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    Aerospike Upgrades NoSQL Database Running In-Memory

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    In-Memory: Speeding Up Value by Using Operational Intelligence

    Most IT organizations operate under the assumption that achieving maximum application performance requires a relational database. But increasingly, a handful of NoSQL database alternatives have shown that they can more efficiently meet the most pressing application performance demands.

    One of those offerings comes from Aerospike, which today unveiled an upgrade to its namesake NoSQL database that runs in-memory. Version 3.5 of Aerospike adds a disk write cache that allows reads to be done from recently written data and a new memory allocation system that greatly reduces DRAM fragmentation.

    In addition, Aerospike offers integration with Hadoop, has enhanced the clients it supports and has simplified the installation process using options such as Docker containers or Vagrant images to deploy Aerospike.

    Aerospike CTO Brian Bulkowski says that IT organizations have the option to deploy the Aerospike open source database on premise or in the cloud to support applications written in a wide variety of programming languages. Bulkowski says that Aerospike doesn’t have a vested interest in forcing that issue one way another, but concedes that the forces of data gravity are conspiring in a way that will continue to push more data into the cloud. With more applications running in the cloud, it’s only a matter of time before more of the applications running on premise move to the cloud to simplify data integration, notes Bulkowski.

    Data

    The most unique thing about Aerospike, says Bulkowski, is that it can run as many as 2.5 million transactions per second (95 percent reads/5 percent writes) using just one bare-metal x86 server. For IT organizations, that means they need to deploy fewer servers within their application environment than they would running other types of relational or NoSQL databases, says Bulkowski.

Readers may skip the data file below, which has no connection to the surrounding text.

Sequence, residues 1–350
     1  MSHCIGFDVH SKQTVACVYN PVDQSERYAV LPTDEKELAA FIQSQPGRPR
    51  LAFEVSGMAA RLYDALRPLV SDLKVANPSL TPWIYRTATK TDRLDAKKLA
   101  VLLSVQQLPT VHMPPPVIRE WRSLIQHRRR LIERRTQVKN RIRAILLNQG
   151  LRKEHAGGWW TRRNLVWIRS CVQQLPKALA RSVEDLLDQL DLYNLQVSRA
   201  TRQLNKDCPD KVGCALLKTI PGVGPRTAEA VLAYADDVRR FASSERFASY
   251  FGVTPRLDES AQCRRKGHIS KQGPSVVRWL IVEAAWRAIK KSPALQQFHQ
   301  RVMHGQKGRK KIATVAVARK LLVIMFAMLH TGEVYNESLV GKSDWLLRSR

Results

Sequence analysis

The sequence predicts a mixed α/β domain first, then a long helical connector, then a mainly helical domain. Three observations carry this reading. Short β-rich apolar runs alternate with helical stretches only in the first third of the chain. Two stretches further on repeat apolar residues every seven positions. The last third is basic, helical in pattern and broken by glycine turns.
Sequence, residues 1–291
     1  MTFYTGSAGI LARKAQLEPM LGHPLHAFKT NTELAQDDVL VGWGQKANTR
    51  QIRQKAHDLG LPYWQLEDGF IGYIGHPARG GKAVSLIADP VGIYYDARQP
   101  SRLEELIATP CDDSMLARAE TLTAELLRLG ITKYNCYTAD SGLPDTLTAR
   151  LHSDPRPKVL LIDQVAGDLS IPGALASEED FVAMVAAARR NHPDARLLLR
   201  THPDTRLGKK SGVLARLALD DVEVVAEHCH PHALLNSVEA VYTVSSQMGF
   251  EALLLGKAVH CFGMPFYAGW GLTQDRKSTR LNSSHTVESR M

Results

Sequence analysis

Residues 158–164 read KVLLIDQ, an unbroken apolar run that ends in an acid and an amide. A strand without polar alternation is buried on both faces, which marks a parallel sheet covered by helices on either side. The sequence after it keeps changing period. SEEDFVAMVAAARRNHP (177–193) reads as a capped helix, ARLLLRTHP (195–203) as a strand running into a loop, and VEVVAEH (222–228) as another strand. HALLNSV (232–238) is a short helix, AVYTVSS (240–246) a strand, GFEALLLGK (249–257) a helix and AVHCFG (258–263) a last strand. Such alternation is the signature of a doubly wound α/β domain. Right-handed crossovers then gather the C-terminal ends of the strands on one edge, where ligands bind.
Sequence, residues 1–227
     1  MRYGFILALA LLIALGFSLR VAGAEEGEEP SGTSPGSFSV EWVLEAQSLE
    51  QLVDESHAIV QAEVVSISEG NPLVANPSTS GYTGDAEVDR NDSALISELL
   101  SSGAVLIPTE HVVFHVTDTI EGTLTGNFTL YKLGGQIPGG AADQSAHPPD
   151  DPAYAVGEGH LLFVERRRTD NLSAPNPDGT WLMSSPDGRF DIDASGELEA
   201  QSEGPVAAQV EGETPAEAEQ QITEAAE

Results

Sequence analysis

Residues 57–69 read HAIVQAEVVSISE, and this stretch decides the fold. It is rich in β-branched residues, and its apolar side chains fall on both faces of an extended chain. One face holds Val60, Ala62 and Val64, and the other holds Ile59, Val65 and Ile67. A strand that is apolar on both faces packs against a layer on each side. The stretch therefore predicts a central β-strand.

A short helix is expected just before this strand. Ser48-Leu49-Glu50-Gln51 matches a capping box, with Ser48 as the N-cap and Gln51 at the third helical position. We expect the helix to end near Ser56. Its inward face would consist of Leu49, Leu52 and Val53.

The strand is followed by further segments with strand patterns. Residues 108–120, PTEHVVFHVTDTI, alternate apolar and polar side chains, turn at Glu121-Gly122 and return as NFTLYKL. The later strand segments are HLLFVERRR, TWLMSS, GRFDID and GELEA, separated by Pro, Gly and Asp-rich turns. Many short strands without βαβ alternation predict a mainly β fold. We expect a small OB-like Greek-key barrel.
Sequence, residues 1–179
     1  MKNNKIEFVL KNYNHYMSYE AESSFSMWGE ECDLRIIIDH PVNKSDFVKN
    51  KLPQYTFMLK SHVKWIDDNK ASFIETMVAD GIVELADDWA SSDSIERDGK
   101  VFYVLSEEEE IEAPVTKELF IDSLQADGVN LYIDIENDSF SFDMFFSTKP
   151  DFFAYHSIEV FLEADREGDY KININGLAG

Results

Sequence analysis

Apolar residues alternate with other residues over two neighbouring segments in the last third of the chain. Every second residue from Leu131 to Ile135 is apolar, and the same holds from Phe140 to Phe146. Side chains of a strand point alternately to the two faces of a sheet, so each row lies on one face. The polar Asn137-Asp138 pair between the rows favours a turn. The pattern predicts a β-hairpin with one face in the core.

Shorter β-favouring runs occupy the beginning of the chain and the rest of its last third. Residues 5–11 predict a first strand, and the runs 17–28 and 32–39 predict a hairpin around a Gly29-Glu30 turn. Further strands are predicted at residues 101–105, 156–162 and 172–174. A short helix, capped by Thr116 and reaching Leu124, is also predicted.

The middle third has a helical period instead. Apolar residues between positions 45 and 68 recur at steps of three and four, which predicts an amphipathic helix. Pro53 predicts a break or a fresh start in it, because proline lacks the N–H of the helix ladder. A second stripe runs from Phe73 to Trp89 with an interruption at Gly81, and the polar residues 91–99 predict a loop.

When it comes to databases, there is a lot more diversity than ever. But when it comes time to scale an application, the underlying database clearly makes a difference in terms of the performance of the applications and the total cost of the server environment that needs to be constructed to make that performance possible.

    Mike Vizard
    Mike Vizard
    Michael Vizard is a seasoned IT journalist, with nearly 30 years of experience writing and editing about enterprise IT issues. He is a contributor to publications including Programmableweb, IT Business Edge, CIOinsight and UBM Tech. He formerly was editorial director for Ziff-Davis Enterprise, where he launched the company’s custom content division, and has also served as editor in chief for CRN and InfoWorld. He also has held editorial positions at PC Week, Computerworld and Digital Review.

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